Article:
Now more than ever, running a successful business requires establishing and maintaining healthy credit. This is especially true in the highly competitive and unpredictable construction industry. From financing equipment, to winning bids, to negotiating payment terms—healthy credit is the lifeblood of any construction business.
And while most business owners know the basics about personal credit, they’re so busy winning new business and managing projects that business credit may be the last thing on their minds. But you can’t afford to take a wait-and-see approach to your credit health. Being proactive is a must.
By evaluating how different parties—banks, vendors, suppliers, customers, and even competitors—use your credit profile, you can take simple steps to build healthier credit and move your business forward with confidence.
Talk to most general contractors and they’ll admit that not much separates one subcontractor or supplier from the next except for price. But what if two comparable subs come in at almost the same price? Who gets the job? Increasingly, it’s coming down to healthy credit.
Before hiring, a responsible general contractor will pull a subcontractor’s personal and business credit reports. They’ll specifically check to see if the sub has any lawsuits or liens for non-payment or non-performance. These types of negative hits on your report can automatically put you out of the running.
Even if the general contractor doesn’t proactively look at credit reports, a competing sub with healthy credit can advise the general contractor to pull reports on all bidders. What do they have to lose? They’ve built a healthy credit profile and are going to use it to their advantage. All other things being equal, the business with the healthier credit wins.
To top it all off—unlike personal credit—no one needs permissible purpose to pull business credit. Banks, general contractors, and suppliers don’t have to tell you that you’re unhealthy business credit affected their decision not to work with you—and you are none the wiser.
For most construction companies, winning a contract is just the beginning. Capital is usually needed upfront—to fund suppliers, pay employees, or invest in new equipment. To keep the cash flowing, it’s imperative to build a great relationship with your bank.
Bankers want to lend you money—it’s how they earn a living—but they’re only willing to take on a certain amount of risk. Build healthy credit and make it easy for your banker to bet on you. You’ll get access to higher lines of credit on better terms. Remember, everything’s negotiable. And negotiating is a lot easier when you know where you stand.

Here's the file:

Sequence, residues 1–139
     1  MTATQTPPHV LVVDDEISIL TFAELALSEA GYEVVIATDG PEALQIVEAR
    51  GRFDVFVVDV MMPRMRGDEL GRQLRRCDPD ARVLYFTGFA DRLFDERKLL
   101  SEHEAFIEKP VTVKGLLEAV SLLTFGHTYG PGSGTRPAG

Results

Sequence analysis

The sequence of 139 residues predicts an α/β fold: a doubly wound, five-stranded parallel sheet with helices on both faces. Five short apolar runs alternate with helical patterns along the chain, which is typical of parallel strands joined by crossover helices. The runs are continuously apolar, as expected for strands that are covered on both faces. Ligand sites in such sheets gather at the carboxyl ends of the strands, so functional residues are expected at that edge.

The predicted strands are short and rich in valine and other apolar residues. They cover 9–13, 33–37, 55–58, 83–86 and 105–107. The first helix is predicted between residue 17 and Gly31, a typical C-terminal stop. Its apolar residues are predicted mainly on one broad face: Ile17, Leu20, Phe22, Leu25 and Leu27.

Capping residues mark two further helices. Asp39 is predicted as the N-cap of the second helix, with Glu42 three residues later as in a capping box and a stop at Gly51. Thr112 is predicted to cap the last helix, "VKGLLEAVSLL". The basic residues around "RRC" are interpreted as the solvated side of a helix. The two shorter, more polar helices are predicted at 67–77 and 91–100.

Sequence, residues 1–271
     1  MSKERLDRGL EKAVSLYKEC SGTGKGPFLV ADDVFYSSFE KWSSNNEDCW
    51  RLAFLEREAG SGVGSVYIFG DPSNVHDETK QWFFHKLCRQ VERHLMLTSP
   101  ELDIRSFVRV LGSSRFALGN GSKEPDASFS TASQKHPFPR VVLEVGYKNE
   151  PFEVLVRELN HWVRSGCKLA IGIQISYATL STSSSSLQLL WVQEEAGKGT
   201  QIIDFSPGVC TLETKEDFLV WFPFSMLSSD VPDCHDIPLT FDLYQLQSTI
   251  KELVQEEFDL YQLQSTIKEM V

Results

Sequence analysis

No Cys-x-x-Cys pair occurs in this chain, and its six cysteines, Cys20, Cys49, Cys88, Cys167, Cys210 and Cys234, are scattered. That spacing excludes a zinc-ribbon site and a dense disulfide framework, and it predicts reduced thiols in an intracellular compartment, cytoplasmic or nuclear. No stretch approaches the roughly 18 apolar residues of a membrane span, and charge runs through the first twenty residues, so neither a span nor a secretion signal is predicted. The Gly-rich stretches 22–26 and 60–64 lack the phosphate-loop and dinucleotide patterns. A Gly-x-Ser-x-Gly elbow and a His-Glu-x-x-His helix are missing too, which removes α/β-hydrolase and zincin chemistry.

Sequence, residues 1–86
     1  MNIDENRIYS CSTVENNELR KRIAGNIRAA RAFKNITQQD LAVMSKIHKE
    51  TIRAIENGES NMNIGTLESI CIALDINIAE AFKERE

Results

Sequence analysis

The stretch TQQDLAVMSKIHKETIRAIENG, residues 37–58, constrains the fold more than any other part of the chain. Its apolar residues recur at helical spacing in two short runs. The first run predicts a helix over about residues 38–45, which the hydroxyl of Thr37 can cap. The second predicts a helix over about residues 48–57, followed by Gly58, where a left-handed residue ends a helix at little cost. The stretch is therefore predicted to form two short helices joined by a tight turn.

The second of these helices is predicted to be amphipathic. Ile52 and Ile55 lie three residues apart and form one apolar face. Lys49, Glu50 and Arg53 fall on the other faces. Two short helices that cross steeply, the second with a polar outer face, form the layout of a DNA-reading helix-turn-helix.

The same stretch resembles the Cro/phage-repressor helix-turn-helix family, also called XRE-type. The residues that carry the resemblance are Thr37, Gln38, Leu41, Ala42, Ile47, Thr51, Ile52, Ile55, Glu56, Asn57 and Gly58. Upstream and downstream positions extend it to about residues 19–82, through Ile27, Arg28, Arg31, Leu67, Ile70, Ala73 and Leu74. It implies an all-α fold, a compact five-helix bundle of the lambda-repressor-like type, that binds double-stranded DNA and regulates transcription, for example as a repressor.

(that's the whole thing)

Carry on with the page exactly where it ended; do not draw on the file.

In addition to accessing capital to take advantage of growth opportunities, maintaining your business credit health can also help you weather the storm. Not long ago—because of the recession—a number of contractors had difficulty extending lines of credit or financing loans on new equipment. Businesses suffered, or in some cases failed. Staying on top of your credit health before business downturns will help ensure you stay well-funded through the rough patches and avoid derogatory items landing on your report. And these items can negatively impact your business for years to come.
Because of the recent uncertainty in the construction market, lenders have ramped up checking business credit to see how contractors weathered the downturn. Did their credit health deteriorate? Were negative liens or judgements added? Everyone suffered during the downturn, but lenders don’t care about excuses. They’re looking for professionals who take responsibility and work to make things right.
The recession and today’s new growth environment also highlighted just how quickly the opportunities and challenges change in the construction business. Tomorrow’s projects and equipment needs may look a lot different than today’s. To thrive, you must be able to adapt quickly. Regularly monitoring your credit health and maintaining a sufficient line of credit lets you quickly respond to changes and take advantage of new growth opportunities.
Just as you need to maintain a good relationship with your banker, the same goes for suppliers and vendors. These companies can pull your business credit report and base important decisions on it—like whether or not to float inventory. Contractors live and breathe on these kinds of accounts. With healthy credit, you can:

  • Negotiate better discounts that add up to significant savings.
  • Change financing terms and improve your profit margin.
  • Gain visibility, knowing you’ll have a consistent supply of materials.

A proactive construction business owner is on top of every job. They take responsibility for monitoring all their projects by visiting jobsites early and staying in touch with project superintendents on a regular basis. When they get the call to start, they’re ready; the materials are approved and available. Taking charge of your business credit should be no different.
By knowing where your personal and business credit stands, and having it regularly monitored, you’ll know you’re doing all you can to grow and protect your business—no matter what comes next. ■
About The Author:
Levi King is the CEO and founder of Creditera, a provider of business and personal credit reporting, monitoring, insights, and identity theft solutions to small businesses. Levi also co-founded Lendio, a matchmaker between commercial lenders and small business owners looking for financing. Prior to these ventures, Levi owned various “main street” businesses, and the difficulties he encountered finding financing and dealing with credit, led him to found Lendio and then Creditera.
Modern Contractor Solutions, December 2013
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